Tuesday, January 14, 2014

The Art of the Craft Beer Dinner, According to The Top Hat

The Top Hat Craft Beer Dinner
On January 28, 2014 The Top Hat in Missoula, Montana, will host its third Craft Beer Dinner in the last seven months. The first two dinners, each seating 150, sold out completely. This third dinner is already over half sold out. Tickets are $40 each and provides seven 7-oz. pours expertly paired with six courses of The Top Hat’s tapas and a dessert.

“We set up a family-style dining experience,” says Top Hat owner, Nick Checota. “It works well with beer and makes it a true community event. We seat 8-10 diners per table, and it gives you a chance to meet new people.”

The Top Hat is well-known for being a music venue, so of course live music is part of the experience. For the January (aka. Winter) dinner, Andy Dunnigan, Cameron Wilson, and Jesse Brown of the Lil Smokies will play between courses and between commentary by the guest of honor. That guest of honor for this dinner is Jurgen Knoller, owner of Bayern Brewing. There are seven different Bayern beers being paired with food for the Winter dinner, including the debut of its seasonal, Killarney, which will be tapped from a wooden keg.

“The Top Hat changes its menu four times a year, so we’re using these beer dinners to launch each of our new seasonal offerings,” says Checota. “It might be tapas, but no one leaves wanting more to eat.”

To give you an example of previous pairings, take the first dinner, which partnered with KettleHouse Brewing Co. Its Double Haul IPA was paired with lamb & fig flatbread and a marinated pork skewer. Brick & Mortar Porter was paired with bacon-wrapped dates and chocolate con churros.

For the Fall dinner, smoked salmon fritters were paired with Blackfoot River Brewing’s Steam-Style Amber Lager, and roasted butternut squash raviolis were paired with Wildwood Brewery’s White Bark Wheat. What was unique about the Fall dinner was that it featured not only eight different beers from eight different Montana breweries, but the brewers from each of those breweries were also sitting among the different tables and able to answer questions about their beers.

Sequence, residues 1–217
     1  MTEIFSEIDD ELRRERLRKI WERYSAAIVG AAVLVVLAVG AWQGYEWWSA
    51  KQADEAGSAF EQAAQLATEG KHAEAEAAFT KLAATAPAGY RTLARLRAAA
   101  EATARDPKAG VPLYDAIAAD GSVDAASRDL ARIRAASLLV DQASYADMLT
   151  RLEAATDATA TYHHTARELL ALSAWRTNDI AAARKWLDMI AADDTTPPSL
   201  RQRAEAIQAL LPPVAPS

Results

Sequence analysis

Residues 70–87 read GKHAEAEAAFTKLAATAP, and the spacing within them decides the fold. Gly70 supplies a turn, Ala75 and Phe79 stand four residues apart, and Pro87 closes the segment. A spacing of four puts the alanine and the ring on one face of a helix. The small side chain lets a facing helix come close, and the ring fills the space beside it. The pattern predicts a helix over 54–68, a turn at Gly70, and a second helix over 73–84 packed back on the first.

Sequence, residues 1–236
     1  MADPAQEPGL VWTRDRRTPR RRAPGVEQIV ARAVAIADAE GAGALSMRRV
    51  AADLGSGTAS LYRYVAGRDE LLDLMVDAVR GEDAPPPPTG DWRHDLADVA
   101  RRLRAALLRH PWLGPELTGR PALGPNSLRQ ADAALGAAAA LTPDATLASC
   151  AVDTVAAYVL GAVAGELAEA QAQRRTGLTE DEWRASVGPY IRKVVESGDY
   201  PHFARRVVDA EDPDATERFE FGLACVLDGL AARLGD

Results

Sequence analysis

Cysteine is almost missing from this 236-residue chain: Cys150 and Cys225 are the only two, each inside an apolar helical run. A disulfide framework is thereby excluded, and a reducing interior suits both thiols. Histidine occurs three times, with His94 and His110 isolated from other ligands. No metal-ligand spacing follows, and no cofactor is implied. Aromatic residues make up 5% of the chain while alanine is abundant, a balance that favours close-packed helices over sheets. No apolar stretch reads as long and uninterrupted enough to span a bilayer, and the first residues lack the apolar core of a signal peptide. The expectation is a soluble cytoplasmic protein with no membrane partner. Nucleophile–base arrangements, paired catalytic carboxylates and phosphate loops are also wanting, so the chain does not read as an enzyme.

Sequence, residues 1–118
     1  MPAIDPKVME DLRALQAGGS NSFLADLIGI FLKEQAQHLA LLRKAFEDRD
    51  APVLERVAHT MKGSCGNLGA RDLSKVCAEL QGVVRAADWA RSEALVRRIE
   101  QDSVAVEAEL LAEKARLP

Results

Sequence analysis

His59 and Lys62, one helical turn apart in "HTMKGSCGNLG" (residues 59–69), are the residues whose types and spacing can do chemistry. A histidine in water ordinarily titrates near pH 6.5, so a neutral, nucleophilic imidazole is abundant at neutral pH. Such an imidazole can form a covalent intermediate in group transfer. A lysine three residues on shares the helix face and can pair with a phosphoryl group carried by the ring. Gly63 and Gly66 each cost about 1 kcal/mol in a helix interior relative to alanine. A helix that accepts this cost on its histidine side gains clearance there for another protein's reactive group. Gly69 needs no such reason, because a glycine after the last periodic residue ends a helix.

These beer dinners, according to Checota, are not just useful for debuting new foods. They can be helpful to the breweries too. “When we included the Phillipsburg Brewing Company in our Fall dinner,” says Checoata, “it was their launch into the Missoula market. In less than three months, they have become our #3 tap handle.”

The Top Hat’s #1 tap goes to Blackfoot River’s SingleMalt IPA, and #2 is Kettlehouse’s Cold Smoke. In fact, the Blackfoot River IPA is outselling Cold Smoke 2 ½-to-1 in terms of volume, and the bar pours through four kegs of Blackfoot River IPA every week.

Back to the upcoming dinner, Checota is also partnering with the Montana Chocolate Company for its dessert offering, making a unique Doppelback-infused chocolate to pair with Bayern’s Bad Santa Eisbock.

To close, beer dinners are a burgeoning side effect of craft beer’s popularity. They were a staple in the first two years of Missoula Craft Beer Week, and other breweries, like Bitter Root Brewing and Blackfoot River Brewing, have had great success with these beer/food/fun times.

Tell us, what’s been your favorite beer/food pairing or beer dinner experience? 

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